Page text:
This gives you the option to have deeper first deco stops and longer — and therefore more conservative — shallow stops. There is a lot of debate about which gradient factors are acceptable and how you choose what to use. The default setting for the Teric is 30/70 for OC Tec and CC/BO modes and 40/85 for OC Rec. It’s worth noting that Shearwater recommends you don’t change these unless you fully understand how they will affect your dive.

For techies who are interested, it’s worth noting that Shearwater do not support VPM, another widely used algorithm. They have not discounted it for future updates, however.

You can find more information about deep stops here and here.

Shearwater’s After Sales and Servicing Support

Shearwater is known for its excellent customer service. It’s a Canadian company but has service centers worldwide, so any problems can generally be sorted out locally, regardless of where you are. Our reviewer had a problem with the screen while on holiday in Egypt, which was covered under the two-year warranty, the local distributor immediately swapped it for a new one, allowing her to continue her holiday.

Shearwater also offers regular firmware updates. These are uploaded via Bluetooth using either the Shearwater Cloud desktop or mobile software, which also can be used to upload your dive log.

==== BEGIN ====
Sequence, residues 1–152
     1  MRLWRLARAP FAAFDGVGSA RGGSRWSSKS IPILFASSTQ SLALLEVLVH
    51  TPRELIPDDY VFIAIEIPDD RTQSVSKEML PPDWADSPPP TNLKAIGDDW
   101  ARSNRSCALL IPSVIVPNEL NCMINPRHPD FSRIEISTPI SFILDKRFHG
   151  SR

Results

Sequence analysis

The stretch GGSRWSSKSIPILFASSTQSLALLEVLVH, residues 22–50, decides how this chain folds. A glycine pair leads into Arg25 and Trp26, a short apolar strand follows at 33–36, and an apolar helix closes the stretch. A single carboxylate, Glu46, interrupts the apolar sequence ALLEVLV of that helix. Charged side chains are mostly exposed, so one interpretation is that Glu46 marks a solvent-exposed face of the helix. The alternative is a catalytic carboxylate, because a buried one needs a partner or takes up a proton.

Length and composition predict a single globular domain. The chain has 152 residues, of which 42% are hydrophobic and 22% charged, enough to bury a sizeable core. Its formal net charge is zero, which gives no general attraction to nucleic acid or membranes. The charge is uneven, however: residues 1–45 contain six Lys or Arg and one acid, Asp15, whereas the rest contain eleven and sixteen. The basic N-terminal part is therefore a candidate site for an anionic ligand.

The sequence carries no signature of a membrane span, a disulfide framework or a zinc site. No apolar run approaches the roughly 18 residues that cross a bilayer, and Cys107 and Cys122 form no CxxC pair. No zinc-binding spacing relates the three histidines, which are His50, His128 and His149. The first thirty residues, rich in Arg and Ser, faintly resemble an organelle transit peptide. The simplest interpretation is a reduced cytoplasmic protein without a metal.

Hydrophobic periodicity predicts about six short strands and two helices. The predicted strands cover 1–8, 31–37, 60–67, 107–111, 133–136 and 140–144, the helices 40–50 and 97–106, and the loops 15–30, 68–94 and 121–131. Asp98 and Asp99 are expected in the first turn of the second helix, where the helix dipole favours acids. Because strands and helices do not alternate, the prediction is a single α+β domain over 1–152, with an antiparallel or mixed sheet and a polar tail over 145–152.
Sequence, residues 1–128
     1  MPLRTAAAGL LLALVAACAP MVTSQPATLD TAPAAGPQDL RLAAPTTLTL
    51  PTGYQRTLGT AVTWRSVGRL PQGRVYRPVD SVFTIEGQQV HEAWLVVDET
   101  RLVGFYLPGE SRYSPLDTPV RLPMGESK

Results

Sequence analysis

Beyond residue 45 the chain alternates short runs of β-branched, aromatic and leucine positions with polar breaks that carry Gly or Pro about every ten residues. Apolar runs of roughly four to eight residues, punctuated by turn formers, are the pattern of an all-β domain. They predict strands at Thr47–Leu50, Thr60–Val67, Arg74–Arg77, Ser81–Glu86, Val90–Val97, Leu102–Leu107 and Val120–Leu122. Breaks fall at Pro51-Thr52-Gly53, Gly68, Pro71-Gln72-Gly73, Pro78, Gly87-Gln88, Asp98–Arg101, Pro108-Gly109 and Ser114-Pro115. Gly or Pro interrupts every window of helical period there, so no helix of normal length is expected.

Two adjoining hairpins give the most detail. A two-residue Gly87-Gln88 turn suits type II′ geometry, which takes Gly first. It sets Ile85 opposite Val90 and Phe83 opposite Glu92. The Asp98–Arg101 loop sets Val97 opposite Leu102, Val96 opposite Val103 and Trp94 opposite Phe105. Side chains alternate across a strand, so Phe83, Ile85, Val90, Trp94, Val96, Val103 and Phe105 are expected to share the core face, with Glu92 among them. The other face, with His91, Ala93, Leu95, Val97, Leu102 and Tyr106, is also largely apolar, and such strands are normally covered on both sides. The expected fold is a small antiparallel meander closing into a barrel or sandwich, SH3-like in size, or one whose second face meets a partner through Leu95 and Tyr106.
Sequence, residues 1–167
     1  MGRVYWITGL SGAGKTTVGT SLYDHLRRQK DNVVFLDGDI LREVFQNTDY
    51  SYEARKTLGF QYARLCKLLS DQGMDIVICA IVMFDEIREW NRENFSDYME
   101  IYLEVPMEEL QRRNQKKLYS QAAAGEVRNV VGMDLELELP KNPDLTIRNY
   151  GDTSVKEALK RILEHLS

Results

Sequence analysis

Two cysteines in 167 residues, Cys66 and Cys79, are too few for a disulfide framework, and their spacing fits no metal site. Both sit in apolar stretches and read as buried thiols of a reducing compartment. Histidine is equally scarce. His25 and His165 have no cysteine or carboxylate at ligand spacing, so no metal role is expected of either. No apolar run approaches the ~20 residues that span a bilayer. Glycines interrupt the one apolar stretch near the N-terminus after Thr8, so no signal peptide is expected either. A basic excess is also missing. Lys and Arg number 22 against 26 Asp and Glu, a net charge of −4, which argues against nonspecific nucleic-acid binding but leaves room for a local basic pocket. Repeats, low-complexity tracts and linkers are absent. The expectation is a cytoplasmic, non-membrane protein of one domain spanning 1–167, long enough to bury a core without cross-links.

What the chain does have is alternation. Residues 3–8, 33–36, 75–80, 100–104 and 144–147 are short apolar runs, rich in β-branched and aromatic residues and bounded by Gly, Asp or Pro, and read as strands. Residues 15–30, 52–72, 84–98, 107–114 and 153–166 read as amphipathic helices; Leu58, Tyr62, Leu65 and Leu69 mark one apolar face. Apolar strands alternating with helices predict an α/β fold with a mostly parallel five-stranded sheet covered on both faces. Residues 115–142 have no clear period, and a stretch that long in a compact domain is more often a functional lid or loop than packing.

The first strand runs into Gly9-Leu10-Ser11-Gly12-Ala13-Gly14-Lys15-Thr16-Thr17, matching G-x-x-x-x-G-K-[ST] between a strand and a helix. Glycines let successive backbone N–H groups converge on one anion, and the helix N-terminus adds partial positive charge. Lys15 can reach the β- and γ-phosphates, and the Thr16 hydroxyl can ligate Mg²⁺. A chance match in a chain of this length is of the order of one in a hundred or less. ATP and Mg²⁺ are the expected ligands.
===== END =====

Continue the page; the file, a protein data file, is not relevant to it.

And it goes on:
Shearwater takes into account suggestions from users, meaning your Teric will stay current for many years.

You can find instructions for your Teric here.

Introducing the Teric - Powerful, simple, reliable and colourful!

Any Ongoing Maintenance?

As with most dive computers, the only maintenance required is a freshwater wash after use. There are no user replaceable parts aside from the strap. For storage, it’s recommended to keep it the computer a cool, dry, and dust-free place with a fully charged battery. As some battery discharge will occur, if the computer is stored for a very long time, the battery should be topped up every six months.

Summary

As you can see, Shearwater has packed a lot into their first watch-sized computer. Suitable for the serious tech diver (open or closed circuit), the recreational diver who wants something that will grow with them, or the freediver who likes the added extra of a haptic alert, the Teric is ideal for a wide range of divers.